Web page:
A PSNI Special Branch agent was involved in the brutal assassination of a Belfast man outside a school in the North of Ireland, an inquest heard today.
The June 2004 death of Kevin McAlorum near Belfast could have been avoided, his family has claimed. The case bears similarities to the killing of loyalist Raymond McCord, which led to the exposure of extensive collusion between British Crown forces and a unionist paramilitary death-squad in north Belfast.
The Irish National Liberation Army (INLA) were thought to be behind the attack as part of a lingering feud within the organisation dating from the death of its former leader, Gino Gallagher, in 1996. However, the INLA never claimed the attack.
Lawyer Sean Patterson told the adjourned Belfast hearing that the victim’s brother, Brian McGuinness, had raised serious concerns with him.
“An intelligence report held by the police shows that this matter was avoidable and it is his understanding that this would show the involvement of an informer he believes to be protected or known by Special Branch,” he said.
The former PSNI investigating officer, denied any knowledge of the intelligence dossier.
“We’ve told the PSNI who killed Kevin and where he is living and working in Dublin and the alias he is living under,” said Mr McGuinness.
“Despite everything that we’ve told police they’ve consistently refused to ask the gardai to even arrest or question him. We want to know why.”
He said the family had been told by “reliable sources” that the man had been a police informer since 1993.
“He has been openly named in court as having murdered another man but hasn’t been questioned about this either,” he said.
“The police ombudsman has confirmed in writing to us that he is regarded as one of the PSNI’s main suspects in Kevin’s murder.
“But every time we ask the PSNI to have the gardai arrest him we’re told that it’s all tied up in red tape.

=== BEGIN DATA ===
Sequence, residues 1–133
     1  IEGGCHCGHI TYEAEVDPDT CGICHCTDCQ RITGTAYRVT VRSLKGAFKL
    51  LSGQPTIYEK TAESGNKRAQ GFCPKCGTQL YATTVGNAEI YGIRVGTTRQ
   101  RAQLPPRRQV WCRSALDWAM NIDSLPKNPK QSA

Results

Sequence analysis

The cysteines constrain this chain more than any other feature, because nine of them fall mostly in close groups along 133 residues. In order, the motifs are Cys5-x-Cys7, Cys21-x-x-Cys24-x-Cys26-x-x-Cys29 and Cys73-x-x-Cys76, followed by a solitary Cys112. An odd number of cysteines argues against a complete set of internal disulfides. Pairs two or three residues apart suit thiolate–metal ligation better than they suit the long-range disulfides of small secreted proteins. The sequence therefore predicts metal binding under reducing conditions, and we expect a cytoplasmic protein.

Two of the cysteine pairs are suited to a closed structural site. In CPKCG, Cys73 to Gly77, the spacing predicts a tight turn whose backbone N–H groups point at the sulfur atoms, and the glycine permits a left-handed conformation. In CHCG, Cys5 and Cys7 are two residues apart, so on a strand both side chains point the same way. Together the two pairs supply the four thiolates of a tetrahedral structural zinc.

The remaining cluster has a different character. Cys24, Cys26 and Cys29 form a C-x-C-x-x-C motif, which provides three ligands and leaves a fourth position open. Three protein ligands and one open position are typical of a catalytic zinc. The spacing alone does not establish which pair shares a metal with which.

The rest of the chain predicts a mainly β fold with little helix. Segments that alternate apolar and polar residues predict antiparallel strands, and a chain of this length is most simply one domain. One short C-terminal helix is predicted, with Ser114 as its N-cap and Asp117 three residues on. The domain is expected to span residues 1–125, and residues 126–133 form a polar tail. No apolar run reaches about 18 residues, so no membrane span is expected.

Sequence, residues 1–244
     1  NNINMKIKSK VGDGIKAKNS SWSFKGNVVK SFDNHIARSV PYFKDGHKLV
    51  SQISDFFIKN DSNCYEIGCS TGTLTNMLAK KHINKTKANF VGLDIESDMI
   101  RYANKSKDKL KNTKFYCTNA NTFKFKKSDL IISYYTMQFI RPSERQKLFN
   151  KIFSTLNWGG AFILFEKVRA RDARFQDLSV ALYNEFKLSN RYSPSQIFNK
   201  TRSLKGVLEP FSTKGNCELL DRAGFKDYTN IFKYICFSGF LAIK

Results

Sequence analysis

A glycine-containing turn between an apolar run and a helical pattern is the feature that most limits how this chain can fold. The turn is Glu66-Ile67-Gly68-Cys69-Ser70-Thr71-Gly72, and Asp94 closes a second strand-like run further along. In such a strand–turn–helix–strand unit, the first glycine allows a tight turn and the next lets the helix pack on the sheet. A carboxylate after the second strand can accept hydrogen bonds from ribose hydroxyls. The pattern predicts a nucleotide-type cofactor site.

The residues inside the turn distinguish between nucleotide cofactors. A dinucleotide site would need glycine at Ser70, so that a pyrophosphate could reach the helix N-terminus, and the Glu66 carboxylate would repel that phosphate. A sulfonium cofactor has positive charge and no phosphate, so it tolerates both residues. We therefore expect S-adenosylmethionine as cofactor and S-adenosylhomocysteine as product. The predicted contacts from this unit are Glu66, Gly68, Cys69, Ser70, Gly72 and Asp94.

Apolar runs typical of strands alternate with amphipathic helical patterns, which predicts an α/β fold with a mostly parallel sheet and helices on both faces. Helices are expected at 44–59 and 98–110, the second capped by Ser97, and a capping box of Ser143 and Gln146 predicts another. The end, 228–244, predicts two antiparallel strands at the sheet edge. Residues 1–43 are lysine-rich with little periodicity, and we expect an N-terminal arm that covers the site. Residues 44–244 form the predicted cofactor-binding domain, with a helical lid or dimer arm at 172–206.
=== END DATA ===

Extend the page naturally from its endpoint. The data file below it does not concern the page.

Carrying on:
“We find this very hard to believe as there have been a number of high-profile cases in recent years in which people have committed murders in Northern Ireland and been arrested and questioned in the Republic.”
Mr McGuinness also revealed his belief that his brother was killed after the PSNI had made arrests in a drugs case based on a tip-off from a man known to his brother.
“It was obvious that someone had touted on it and Kevin believed this guy was the tout.
“We believe this individual killed Kevin to protect himself from being identified as the informer.”
The dead man’s family say they initially believed the killers would be brought to justice.
“There were so many witnesses and so much potential forensic evidence in the van the killers left behind at the scene,” Mr McGuinness said.
“They left behind a mobile phone and a hat and a petrol bomb they were supposed to use to burn the van.
“Surely there must have been some forensic evidence in that van.
“The police also have a photofit which is said to bear a striking resemblance to the man we identified as the killer.
“When we asked the police why they won’t release the photofit they told us that it was orders from above.
“All we want to know is why this man is not being questioned when he is one of the main suspects.”
Relatives for Justice victims’ group spokesman Mark Thompson backed the dead man’s family’s call.
“Given the substantial allegations that persist in this case that one of the individuals involved in the killing is a police informer, it is only proper there should be full disclosure of police intelligence files to the coroner,” he said.